The ampullate silk gland of the spider, Araneus sericatus, produces the silk fiber for the scaffolding of the web. The fine structure of the various parts of the gland is described. The distal portion of the duct consist of a tube of epithelial cells which appear to secrete a substance which forms the tunica intima of the duct wall. At the proximal end of the duct there is a region of secretory cells. The epithelium of the sac portion contains five morphologically distinct types of granules. The bulk of the synthesis of silk occurs in the tail of the gland, and in this region only a single type of secretory droplet is seen in the epithelium. Protein synthesis can be stimulated by the injection of 1 mg/kg acetylcholine into the body fluids. 10 min after injection, much of the protein stored in the cytoplasm of the epithelial cells has been secreted into the lumen. 20 min after stimulation, the ergastoplasmic sacs form large whorls in the cytoplasm. Protein, similar in electron-opacity to protein found in the lumen, begins to form in that portion of the cytoplasm which is enclosed by the whorls. The limiting membrane of these droplets is formed by ergastoplasmic membranes which lose their ribosomes. No Golgi material has been found in these cells. Protein appears to be manufactured in the cytoplasm of the tail cells in a form which is ready for secretion.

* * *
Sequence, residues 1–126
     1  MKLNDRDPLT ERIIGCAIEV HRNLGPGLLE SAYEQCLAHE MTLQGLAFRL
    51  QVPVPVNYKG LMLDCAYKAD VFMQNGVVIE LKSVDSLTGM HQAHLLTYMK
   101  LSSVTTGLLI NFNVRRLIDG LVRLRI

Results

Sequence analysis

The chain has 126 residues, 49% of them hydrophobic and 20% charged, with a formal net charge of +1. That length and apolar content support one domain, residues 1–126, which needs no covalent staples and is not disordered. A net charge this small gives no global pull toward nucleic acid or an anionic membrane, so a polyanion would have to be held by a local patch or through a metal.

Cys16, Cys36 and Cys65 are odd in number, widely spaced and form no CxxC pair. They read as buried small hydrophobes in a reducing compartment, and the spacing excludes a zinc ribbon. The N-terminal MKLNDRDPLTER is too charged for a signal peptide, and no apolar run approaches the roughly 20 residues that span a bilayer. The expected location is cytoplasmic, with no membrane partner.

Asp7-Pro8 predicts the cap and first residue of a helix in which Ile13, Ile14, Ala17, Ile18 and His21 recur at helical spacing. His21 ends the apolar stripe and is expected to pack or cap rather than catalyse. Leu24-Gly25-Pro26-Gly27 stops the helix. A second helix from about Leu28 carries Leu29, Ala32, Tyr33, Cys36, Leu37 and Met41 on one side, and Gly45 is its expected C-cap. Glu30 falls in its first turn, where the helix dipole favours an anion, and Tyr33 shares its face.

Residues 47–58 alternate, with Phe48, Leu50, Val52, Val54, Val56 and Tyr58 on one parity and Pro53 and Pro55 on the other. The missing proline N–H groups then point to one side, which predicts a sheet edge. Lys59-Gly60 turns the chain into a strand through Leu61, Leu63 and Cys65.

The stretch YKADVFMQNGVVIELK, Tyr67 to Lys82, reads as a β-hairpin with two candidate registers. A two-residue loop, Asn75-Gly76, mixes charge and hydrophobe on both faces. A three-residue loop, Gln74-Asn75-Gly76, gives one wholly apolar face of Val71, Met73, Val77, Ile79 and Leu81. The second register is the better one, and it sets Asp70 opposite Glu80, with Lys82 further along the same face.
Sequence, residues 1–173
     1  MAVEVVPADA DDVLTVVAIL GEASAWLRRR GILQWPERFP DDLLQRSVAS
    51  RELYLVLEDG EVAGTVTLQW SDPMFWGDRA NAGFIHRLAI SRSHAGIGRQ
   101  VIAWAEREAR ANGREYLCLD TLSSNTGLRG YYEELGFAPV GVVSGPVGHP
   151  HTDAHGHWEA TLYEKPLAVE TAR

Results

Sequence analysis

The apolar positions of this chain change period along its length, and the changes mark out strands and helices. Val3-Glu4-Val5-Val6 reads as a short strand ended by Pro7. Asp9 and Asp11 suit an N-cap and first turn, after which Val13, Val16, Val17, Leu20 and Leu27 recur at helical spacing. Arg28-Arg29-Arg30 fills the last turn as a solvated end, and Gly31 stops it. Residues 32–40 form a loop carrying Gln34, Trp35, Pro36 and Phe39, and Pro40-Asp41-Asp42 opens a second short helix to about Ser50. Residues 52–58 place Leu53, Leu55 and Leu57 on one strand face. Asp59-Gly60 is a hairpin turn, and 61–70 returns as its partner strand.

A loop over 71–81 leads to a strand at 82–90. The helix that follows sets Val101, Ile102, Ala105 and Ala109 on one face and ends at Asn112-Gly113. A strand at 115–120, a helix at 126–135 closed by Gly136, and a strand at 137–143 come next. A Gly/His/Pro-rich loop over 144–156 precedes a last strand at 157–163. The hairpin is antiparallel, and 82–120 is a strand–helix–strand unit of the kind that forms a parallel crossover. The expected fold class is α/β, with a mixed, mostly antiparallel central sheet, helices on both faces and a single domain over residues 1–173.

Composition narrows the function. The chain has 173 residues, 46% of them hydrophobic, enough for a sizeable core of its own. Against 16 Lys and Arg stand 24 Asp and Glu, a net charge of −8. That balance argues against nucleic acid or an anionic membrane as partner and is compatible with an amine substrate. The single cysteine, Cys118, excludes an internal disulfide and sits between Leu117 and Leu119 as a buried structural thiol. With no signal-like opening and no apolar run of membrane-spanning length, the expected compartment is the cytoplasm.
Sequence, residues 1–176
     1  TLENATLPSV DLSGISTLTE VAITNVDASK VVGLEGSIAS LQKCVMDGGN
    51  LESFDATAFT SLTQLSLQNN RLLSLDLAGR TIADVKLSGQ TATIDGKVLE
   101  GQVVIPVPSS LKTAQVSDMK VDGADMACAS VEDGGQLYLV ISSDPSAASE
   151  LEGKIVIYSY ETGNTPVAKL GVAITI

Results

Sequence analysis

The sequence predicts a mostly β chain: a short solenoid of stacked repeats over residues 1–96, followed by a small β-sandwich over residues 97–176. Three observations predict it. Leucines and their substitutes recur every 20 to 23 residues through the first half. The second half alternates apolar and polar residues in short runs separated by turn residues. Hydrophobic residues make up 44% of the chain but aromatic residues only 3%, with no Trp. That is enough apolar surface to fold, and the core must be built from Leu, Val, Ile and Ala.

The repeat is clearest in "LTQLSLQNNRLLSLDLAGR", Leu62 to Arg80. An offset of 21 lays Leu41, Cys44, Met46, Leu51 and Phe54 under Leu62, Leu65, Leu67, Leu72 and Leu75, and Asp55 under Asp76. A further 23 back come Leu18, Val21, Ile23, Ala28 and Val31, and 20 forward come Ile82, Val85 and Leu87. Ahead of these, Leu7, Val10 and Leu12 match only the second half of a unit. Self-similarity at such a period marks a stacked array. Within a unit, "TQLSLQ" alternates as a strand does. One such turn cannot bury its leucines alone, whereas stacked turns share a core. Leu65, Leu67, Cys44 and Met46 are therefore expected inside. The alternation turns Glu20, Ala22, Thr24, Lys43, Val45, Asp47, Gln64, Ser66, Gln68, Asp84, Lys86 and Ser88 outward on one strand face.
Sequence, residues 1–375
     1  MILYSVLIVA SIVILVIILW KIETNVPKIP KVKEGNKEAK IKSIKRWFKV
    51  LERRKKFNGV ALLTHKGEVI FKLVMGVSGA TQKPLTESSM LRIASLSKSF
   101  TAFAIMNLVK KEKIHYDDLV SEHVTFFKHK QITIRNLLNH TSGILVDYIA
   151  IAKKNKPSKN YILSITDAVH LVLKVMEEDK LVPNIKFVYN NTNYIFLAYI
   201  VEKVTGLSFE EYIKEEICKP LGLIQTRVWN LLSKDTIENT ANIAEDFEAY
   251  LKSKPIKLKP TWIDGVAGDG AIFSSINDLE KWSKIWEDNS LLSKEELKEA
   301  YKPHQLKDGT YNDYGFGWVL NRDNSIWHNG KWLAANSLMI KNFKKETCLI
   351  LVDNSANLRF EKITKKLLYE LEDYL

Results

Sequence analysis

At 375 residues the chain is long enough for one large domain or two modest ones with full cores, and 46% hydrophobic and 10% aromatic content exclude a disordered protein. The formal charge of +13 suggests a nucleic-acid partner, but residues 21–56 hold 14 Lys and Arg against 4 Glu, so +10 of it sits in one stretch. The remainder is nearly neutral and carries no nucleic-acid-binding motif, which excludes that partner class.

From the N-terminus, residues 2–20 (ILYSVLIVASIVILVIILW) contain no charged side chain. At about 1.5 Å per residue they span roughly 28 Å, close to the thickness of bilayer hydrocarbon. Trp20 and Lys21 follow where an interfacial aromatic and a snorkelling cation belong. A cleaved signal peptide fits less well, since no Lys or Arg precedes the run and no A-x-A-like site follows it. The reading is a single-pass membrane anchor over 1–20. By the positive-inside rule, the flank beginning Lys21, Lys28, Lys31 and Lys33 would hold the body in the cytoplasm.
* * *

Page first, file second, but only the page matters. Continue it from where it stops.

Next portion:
CHANGES IN FINE STRUCTURE DURING SILK PROTEIN PRODUCTION IN THE AMPULLATE GLAND OF THE SPIDER ARANEUS SERICATUS
Allen L. Bell, David B. Peakall; CHANGES IN FINE STRUCTURE DURING SILK PROTEIN PRODUCTION IN THE AMPULLATE GLAND OF THE SPIDER ARANEUS SERICATUS . J Cell Biol 1 July 1969; 42 (1): 284–295. doi: https://doi.org/10.1083/jcb.42.1.284
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